An Interview with Onishi Kenji (Director)
The Nostalgic Codification and Future of 8mm Film
Q: Your family served as the subject of Ghost, but were you at all uncomfortable pointing the camera at your own relatives?
OK: Not at all—it was a home movie, after all. A private film is different from a film that wants to convey something to the audience. This kind of private film will be screened at Yamagata, and what’s interesting about screening others’ intimate moments as if it were an everyday practice is also what’s interesting about 8mm film.
Q: Why have you been so set on producing 8mm films?
OK: I guess the biggest reason is simply that it’s a beloved toy. Also, I attempt it because it’s the only area where I can exhibit some craftsmanship, which cannot be bought by money. That said, there is no line of work only in 8mm film, so I insist on keeping my 8mm pieces to about a third of my total output. That’s something that I’ve maintained in the flow of everything I’ve done as a filmmaker over the last twenty years. Currently, we’re in an interesting situation where it seems like 8mm film might die but doesn’t. That situation itself can become a kind of mechanism for films, and you increasingly see themes along the lines of, “It’s interesting to film this subject with this equipment, which is now in this situation.” What happens when a dying person is filmed with dying cameras and expired filmstrips? That might be one of the themes of Ghost.
Q: What was your objective in using expired film?
OK: There’s something interesting about learning that a film is physically unusable, and still daring to use it. It’s crucial to point the camera at your subject from that standpoint, and to consider how you’ll film the situation before your very eyes. Unlike digital film or video, an 8mm reversal film is a particularly interesting medium, because images are recorded on the filmstrip that was physically there at the time of filming. That is, even if images don’t turn out well, what becomes crucial is that there is a piece of evidence pointing to the film being physically present at the scene. It would be a hassle making a film if you get neither images nor sound, but if you are able to catch some muffled sound using a sound film, that would prove the camera’s presence at the location. Even if you don’t get any images, so long as you have sound, you can use a completely black or completely white film however you like—I guess you could say that’s one way for 8mm films to tell a story.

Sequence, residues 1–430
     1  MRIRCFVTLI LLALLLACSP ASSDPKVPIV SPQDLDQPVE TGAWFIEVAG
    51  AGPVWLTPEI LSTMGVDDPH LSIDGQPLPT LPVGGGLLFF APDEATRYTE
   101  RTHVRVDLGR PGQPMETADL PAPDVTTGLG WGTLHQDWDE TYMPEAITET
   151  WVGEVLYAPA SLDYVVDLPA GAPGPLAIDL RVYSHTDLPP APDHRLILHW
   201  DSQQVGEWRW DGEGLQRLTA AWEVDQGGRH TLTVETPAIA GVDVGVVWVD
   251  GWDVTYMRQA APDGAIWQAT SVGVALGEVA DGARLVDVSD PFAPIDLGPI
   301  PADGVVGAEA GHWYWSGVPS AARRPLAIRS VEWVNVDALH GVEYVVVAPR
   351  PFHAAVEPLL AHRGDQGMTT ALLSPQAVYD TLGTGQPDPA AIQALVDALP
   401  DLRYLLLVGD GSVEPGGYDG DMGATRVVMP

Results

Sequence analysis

Q: In the preview version of Ghost, there was a scene where director Murakami Kenji appears with a digital camera. Was that meant to criticize digital culture?
OK: It wasn’t a criticism, and I think digital films are good. But when the film The Kirishima Thing (Kirishima, bukatsu yamerutteyo) came out a few years ago, it had a film poster where the popular actor Kamiki Ryunosuke held a Fujica Single-8 camera. When that poster was put up just about everywhere, I thought 8mm film was being turned into a convenient, nostalgic symbol of schmucks. I didn’t think it was a good situation.
It’s been said that 8mm film is dying, but I guess we’re kind of doing an “end-of-times scam.” That is, 8mm filmmaking is not actually ending, and I will definitely be filming with 8mm equipment for another ten or twenty years. At the end of Ghost, I inserted the end credit year of “2043.” I did so as a way of declaring that, although I may be dead by then, my plan is, at least, to make 8mm films ten, twenty years from now, and to build the set-up for those future titles and credits in the present day. Let’s see what happens next, shall we?
(Compiled by Morisue Noriko)
Interviewers: Morisue Noriko, Okawa Akihiro / Translator: Morisue Noriko
Photography: Nagayama Momo / Video: Kato Takanobu / 2017-09-26 in Tokyo